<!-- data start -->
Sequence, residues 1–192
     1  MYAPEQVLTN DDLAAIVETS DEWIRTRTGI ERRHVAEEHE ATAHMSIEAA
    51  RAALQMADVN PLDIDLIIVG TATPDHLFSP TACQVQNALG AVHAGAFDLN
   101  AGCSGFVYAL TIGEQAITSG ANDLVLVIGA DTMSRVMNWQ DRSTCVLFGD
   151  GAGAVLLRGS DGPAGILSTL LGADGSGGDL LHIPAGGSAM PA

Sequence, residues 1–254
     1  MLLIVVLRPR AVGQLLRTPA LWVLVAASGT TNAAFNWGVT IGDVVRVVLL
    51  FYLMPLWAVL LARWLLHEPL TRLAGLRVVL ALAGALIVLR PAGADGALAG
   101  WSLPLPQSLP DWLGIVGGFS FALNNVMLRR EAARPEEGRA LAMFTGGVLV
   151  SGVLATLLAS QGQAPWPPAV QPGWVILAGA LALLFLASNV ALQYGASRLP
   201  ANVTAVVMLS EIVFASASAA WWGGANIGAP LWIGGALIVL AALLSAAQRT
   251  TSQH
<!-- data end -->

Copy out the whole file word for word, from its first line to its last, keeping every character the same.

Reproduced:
Sequence, residues 1–192
     1  MYAPEQVLTN DDLAAIVETS DEWIRTRTGI ERRHVAEEHE ATAHMSIEAA
    51  RAALQMADVN PLDIDLIIVG TATPDHLFSP TACQVQNALG AVHAGAFDLN
   101  AGCSGFVYAL TIGEQAITSG ANDLVLVIGA DTMSRVMNWQ DRSTCVLFGD
   151  GAGAVLLRGS DGPAGILSTL LGADGSGGDL LHIPAGGSAM PA

Sequence, residues 1–254
     1  MLLIVVLRPR AVGQLLRTPA LWVLVAASGT TNAAFNWGVT IGDVVRVVLL
    51  FYLMPLWAVL LARWLLHEPL TRLAGLRVVL ALAGALIVLR PAGADGALAG
   101  WSLPLPQSLP DWLGIVGGFS FALNNVMLRR EAARPEEGRA LAMFTGGVLV
   151  SGVLATLLAS QGQAPWPPAV QPGWVILAGA LALLFLASNV ALQYGASRLP
   201  ANVTAVVMLS EIVFASASAA WWGGANIGAP LWIGGALIVL AALLSAAQRT
   251  TSQH